Ah, music; It can have a very powerful effect on people, but only when timed right (try humming the Star Wars cantina theme at a funeral). I own a very large music library but having it shuffled certainly throws off my mojo. I rely in tools such as smart and pre-made playlists, carefully setting id tags such as Genre, Mood, BPM and closely watching play and skip counts to make sure listening is a satisfying experience. About half of my library is composed of songs I don’t really love but I keep for the sake of variety and because I like to hoard stuff (among other uses). This is why I’m so picky when it comes to using the right player, both at home and abroad.
About 4 years ago I didn’t really have much of a “library”. Half of my songs I kept in the “My music” folder (Windows XP) and the other one at the office. I was lucky back then to be allowed to play music at work. They had a very strict IT policy, but it was perfectly OK to bring audio CDS, eventually one of my superiors suggested I rip them into Windows Media Player when he saw me swapping disks. I remember One day I had WMP scan the entire building’s network for music. I found the entire Green Day collection! I used to take the bus so I got a portable CD player that also played data CDs for the trip.
Eventually I got tired of burning disks and got myself an iPod. Being the underprivileged cheapskate that I am, I got the 512Mb shuffle. At the time it was a cheap alternative, and although there were other players that did more for less, I just didn’t trust the other brands. I installed iTunes with the CD that came bundled-in and decided to allow iTunes to manage my music library.
I switched jobs and I learned the joys of Peer to Peer file sharing. It wasn’t long at all before the library became pretty big and I decided to have iTunes “consolidate tracks” and have it completely manage all my music. I started playing with smart playlists which slowly had me become very anal when it came to have all my tracks organized; I needed to have the right genre, year, track number, artist and it had to be accurately rated, specially with downloaded music. It was all legal, if you’re wondering; Free-to share music and whatnot. Yeah.
One day the shuffle just broke. I went to unplug it and half of it remained plugged in. I had no way to disassemble it or anything. I went a couple of years without portable music (except for the occasional burnt CD) until I started researching MP3 players that were not Apple brand. Long story short, I went through several players, all with all sorts of neat features iPods never had, for a fraction of the price.
Just one issue: iTunes only syncs with iPods. The horror. I had fallen in Apple’s trap. I had to manually copy the files and when I did it didn’t really make a difference in the library. I figured the problem was the software and went looking for alternatives. WMP? Yuck! The interface is ugly, it sorts the music wrong, and they mess up the “artist“and “album artist”, erratically turning them into “artist” and “contributing artist”. I tried a couple more but they were all missing one or two key features. Most recently I tried Songbird, after reading it promised to be the ultimate iTunes killer. Well, this bird needs to grow feathers before it can learn to fly. It was (and is) a bloody mess. So sad, really, because had it worked, it would do everything iTunes did, then some, then sync to my non iPod player.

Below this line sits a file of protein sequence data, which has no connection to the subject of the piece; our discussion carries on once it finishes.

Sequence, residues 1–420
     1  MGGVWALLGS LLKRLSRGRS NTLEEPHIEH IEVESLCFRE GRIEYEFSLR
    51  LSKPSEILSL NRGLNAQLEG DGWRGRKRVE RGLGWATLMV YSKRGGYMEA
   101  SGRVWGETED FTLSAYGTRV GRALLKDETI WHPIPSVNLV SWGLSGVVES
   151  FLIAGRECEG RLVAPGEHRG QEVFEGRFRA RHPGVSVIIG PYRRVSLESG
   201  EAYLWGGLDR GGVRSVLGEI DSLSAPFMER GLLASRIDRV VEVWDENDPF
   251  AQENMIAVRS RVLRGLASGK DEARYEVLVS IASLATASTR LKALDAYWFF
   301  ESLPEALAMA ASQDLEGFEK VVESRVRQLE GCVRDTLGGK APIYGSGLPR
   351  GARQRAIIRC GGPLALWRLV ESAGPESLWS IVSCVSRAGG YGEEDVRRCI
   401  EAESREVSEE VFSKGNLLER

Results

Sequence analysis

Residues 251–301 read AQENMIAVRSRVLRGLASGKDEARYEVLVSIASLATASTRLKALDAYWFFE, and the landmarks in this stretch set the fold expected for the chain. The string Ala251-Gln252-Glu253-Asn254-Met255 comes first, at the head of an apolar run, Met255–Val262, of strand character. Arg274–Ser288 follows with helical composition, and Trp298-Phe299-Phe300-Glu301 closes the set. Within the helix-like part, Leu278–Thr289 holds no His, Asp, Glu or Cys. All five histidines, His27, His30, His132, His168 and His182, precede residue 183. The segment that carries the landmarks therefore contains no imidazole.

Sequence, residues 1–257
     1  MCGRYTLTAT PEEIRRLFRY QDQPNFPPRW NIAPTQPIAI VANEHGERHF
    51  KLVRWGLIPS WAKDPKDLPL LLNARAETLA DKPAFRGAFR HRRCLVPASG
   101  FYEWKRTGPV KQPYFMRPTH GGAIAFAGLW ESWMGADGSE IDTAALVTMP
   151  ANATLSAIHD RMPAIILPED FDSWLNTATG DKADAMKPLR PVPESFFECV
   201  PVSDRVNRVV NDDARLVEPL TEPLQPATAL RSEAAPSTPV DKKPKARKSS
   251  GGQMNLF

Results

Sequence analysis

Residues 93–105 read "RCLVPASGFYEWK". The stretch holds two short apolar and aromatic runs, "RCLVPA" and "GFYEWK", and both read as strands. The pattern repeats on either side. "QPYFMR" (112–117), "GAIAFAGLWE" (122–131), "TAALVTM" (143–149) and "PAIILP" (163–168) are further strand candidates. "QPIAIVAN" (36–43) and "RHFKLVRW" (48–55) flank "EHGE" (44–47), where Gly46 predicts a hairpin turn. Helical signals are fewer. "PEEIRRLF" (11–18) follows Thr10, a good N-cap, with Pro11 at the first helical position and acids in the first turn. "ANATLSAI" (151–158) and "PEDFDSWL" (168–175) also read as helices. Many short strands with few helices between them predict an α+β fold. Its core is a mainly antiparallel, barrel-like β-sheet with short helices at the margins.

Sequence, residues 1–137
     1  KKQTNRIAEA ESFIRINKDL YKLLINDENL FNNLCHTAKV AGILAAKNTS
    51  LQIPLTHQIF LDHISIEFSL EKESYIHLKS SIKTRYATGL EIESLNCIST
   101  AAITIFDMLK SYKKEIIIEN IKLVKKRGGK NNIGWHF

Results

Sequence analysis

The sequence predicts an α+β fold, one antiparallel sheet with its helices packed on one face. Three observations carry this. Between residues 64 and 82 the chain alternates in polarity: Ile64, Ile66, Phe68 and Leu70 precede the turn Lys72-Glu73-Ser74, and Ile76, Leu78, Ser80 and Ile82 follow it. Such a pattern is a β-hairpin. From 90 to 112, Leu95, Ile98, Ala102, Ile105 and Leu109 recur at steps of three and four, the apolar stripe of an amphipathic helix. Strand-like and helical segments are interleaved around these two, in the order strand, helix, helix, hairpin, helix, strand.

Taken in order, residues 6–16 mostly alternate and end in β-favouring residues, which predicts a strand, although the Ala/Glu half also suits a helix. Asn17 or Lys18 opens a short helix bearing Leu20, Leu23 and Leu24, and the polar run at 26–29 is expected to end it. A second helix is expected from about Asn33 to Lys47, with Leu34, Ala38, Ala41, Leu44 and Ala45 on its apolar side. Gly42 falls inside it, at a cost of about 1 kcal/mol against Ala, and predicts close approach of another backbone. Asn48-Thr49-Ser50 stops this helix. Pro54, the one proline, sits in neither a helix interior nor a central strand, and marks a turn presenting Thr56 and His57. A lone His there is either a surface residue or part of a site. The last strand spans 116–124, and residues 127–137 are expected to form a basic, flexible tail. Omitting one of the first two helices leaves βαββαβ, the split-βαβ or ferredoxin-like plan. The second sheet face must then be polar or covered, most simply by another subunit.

Last week I was trying to sync it and I was in a hurry to an appointment. It kept freezing up and saying it was full. I was so frustrated I yanked it off the USB port and hurled it at a wall. Poor Sansa c250 went to music player heaven. Why was I so frustrated? Was it the software? The hardware? No. It was because just then I realized I had been Apple’s little bitch for all these years. I had spent countless hours trying to figure out a way to break free, all for naught. There I was on square one.
I broke my piggy bank, took it to the Coinstar and bought a last-generation shuffle. It truly is a wonderful thing. With a built-in speech function, it doesn’t really need a screen, and also, it can now play playlists. It’s so tiny you forget you’re wearing it, and it’s just… so fucking cute! Have you noticed how apple products always look so awesome, and how they always make the previous generation look like crap?
Here I am listening to my new baby as I type. The circle is closed, for now. I can stop researching players… I can finally enjoy music. I am such a crack whore. There is just one thing. These earbuds… they are evil! They are ergonomically sized and shaped to fit the average African elephant (sorry Asian elephants, your ears are too small). I get a headache from wearing the suckers, but I have to if I want to be able to use any features the player has, because the controls are set ON the cable! Whose idea was that? I can use my old noise isolating earbuds just fine, but I can’t do anything but listen. I can get an adapter for about $15, or I could buy the apple-branded alternative for about $90. Almost twice the cost of the player (with earbuds). Genius. Evil genius. I’d smash the iPod against the wall, but it’s so cute…